One thing that struck me immediately was the contention thatservice providers should not be regarded as simply a way to lowercosts but as partners in innovation. Amen to that! One of the mostfrustrating aspects of this business is the amount of potentialbenefit we end up leaving on the table because we can't get ourclients to look past their annual operating budget and to thebigger picture.

For 2008, I'm focused on creating success by designing the rightmodel. When a company outsources its corporate real estate simplyto reduce costs or to reduce headcount, the end has essentiallybeen achieved. Both goals are fairly demonstrable and relativelyshort-term focused. The client will typically achieve savings (whatI call "low-hanging fruit" savings) and will usually streamlinestaffing. However, once these are satisfied, the sentiment usuallyis: what's next? In the context of the typical design ofoutsourcing contracts, there is no "next"--like my car's annoyingnavigation system says, "you have arrived at your destination."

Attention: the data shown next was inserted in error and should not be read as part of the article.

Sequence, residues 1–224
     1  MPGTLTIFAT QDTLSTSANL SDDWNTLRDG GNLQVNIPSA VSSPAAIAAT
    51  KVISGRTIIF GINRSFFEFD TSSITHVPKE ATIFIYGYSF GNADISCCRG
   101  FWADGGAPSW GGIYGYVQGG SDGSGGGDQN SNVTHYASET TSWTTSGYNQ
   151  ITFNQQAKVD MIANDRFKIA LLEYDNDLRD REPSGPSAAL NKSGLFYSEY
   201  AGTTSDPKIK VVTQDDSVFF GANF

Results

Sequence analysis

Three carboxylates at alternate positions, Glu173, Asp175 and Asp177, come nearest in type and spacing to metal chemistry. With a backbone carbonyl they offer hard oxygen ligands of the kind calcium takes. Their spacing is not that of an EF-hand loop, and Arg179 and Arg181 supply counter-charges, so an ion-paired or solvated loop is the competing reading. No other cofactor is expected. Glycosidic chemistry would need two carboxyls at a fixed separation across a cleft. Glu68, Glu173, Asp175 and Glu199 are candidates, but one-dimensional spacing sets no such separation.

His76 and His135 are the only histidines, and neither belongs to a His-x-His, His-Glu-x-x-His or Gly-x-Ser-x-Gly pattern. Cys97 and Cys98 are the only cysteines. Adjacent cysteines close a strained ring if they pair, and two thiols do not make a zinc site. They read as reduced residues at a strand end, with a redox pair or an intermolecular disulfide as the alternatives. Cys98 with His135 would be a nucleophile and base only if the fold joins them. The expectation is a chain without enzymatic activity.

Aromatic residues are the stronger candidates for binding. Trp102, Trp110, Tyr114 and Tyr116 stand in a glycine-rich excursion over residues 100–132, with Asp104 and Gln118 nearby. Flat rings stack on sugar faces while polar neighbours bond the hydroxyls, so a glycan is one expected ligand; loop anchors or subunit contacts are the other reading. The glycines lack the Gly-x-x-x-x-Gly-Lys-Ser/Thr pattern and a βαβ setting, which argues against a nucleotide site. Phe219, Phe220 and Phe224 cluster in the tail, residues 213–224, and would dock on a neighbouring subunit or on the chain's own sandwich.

A better design is created when the service provider has a deepenough understanding of your business to know the strategic driversthat govern it as well as the areas where management is undecidedand open to more dialog. Most service providers will learn enoughto know about your business but without a different model mostwon't get far enough immersed to tell you where the business isgoing, why and what might be done to mitigate risks.

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